As a boy, Richard Rogers was dismissed as stupid and sent to a school for backward children. When he eventually escaped from formal education (having stayed much too long in an attempt to pass at least one exam), it was to become one of Britain’s best-loved and most-admired architects.The works of Richard Rogers, born in Florence, Italy in 1933, reject the classical past, while enthusiastically embracing a technological future with its accompanying aesthetic. Although he places emphasis on technology, he believes that it cannot be an end in itself, but must attempt to solve existing social and ecological problems.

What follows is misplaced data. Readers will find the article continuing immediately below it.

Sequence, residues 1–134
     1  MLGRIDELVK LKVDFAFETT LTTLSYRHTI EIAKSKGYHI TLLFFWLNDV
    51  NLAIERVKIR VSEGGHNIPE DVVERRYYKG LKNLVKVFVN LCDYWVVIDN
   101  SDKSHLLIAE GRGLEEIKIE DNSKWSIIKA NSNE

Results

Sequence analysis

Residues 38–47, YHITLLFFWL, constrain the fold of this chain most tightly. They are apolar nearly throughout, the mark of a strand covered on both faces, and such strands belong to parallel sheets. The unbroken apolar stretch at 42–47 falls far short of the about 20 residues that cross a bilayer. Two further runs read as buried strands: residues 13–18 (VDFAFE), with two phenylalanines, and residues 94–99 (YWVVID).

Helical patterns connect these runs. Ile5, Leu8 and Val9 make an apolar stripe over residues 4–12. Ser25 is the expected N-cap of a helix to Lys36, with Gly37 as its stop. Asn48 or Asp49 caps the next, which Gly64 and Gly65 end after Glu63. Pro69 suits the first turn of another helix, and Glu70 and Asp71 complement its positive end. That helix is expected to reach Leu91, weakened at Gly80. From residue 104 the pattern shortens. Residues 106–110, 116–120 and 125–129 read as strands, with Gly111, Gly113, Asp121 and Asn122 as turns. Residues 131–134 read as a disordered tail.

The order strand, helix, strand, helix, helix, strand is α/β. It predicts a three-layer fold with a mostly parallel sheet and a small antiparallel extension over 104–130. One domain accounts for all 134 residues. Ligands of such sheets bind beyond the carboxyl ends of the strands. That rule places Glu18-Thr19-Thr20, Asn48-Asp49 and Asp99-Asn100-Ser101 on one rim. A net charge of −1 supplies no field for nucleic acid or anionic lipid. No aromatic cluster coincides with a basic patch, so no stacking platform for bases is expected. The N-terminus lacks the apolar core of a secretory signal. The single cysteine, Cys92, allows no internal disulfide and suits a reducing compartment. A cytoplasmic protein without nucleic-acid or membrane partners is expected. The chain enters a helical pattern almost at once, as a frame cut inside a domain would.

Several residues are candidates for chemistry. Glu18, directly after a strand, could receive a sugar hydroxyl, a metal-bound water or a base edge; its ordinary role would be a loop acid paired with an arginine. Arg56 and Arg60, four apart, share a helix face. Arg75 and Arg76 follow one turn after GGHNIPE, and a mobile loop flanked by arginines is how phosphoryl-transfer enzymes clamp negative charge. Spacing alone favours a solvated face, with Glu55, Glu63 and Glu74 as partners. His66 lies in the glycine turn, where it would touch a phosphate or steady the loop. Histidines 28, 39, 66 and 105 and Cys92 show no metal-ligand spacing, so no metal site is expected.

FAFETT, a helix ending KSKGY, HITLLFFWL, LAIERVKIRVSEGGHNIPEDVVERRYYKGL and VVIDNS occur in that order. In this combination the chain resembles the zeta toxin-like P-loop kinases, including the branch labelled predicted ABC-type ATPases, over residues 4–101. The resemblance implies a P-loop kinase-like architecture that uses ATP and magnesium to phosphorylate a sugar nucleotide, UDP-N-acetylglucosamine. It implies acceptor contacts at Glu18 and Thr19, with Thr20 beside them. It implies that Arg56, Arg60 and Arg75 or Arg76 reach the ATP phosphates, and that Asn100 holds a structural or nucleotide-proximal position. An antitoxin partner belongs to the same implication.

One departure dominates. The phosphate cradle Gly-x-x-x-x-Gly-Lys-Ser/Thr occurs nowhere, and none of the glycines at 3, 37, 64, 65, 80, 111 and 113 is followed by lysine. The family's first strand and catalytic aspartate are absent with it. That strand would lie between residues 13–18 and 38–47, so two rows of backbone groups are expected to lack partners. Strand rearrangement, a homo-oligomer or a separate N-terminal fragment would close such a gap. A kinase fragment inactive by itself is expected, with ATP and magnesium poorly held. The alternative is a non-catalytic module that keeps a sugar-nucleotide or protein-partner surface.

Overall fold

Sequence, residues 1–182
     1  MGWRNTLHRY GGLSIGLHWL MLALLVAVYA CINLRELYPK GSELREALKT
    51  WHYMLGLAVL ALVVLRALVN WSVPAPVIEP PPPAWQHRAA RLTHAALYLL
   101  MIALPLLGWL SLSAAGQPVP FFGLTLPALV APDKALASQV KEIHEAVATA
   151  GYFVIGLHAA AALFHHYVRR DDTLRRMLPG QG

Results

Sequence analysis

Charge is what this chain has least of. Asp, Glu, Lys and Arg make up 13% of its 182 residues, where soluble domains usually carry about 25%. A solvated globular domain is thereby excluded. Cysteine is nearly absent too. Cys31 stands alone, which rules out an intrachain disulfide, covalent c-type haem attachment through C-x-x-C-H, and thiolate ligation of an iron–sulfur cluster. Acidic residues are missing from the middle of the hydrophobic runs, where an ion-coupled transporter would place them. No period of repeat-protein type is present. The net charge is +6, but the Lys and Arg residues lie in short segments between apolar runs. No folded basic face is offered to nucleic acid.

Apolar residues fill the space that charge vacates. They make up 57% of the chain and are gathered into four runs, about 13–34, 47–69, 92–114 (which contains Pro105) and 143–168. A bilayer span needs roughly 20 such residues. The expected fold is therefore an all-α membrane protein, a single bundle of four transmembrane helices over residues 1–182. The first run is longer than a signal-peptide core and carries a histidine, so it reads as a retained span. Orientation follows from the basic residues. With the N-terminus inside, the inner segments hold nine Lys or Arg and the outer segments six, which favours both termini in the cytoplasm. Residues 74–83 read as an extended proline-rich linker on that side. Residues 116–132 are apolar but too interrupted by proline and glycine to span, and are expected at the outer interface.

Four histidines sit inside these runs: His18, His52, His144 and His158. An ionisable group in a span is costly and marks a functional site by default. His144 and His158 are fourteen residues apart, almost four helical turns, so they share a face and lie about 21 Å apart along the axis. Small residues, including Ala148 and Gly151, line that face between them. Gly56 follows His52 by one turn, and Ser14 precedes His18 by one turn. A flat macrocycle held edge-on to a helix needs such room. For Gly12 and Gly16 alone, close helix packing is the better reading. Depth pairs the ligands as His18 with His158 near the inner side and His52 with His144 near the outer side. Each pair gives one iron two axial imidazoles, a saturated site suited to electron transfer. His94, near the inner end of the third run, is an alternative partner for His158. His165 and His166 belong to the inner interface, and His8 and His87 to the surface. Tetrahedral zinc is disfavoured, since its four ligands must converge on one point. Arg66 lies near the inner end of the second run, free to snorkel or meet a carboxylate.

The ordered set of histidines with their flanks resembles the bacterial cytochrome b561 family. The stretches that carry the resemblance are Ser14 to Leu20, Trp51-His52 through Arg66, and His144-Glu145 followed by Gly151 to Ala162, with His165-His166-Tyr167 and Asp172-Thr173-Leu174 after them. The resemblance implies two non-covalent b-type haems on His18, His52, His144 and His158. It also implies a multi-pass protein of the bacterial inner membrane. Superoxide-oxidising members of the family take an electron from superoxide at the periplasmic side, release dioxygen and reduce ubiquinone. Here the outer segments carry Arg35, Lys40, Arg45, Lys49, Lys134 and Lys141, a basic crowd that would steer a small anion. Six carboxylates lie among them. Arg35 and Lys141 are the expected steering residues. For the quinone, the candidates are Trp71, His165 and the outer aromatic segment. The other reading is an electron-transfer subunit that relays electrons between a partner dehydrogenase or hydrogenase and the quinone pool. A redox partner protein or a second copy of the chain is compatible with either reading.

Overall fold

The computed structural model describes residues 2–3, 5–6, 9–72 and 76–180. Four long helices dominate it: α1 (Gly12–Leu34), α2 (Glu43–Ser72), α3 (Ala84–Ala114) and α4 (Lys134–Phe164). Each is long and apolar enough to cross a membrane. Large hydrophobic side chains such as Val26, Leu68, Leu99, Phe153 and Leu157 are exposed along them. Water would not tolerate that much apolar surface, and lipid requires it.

from: greatbuildings.com :
88 Wood Street, at London, England, 1993 to 2001.
Centre Pompidou, at Paris, France, 1972 to 1976.
INMOS Factory, at Newport, South Wales, 1980 to 1982.
Lloyds Building, at London, England, 1979 to 1984.
Millenium Dome, at London, England, 1999.
PA Technology Center, at Princeton, New Jersey, 1982.
PA Technology Center UK, at Hertfordshire, England, 1975 to 1983.
Palais des Droits de l’Homme, at Strasbourg, France, 1989 to 1995. at ArchitectureWeek
Barajas New Area Terminal (NAT), with Estudio Lamela, at Madrid, Spain, 2005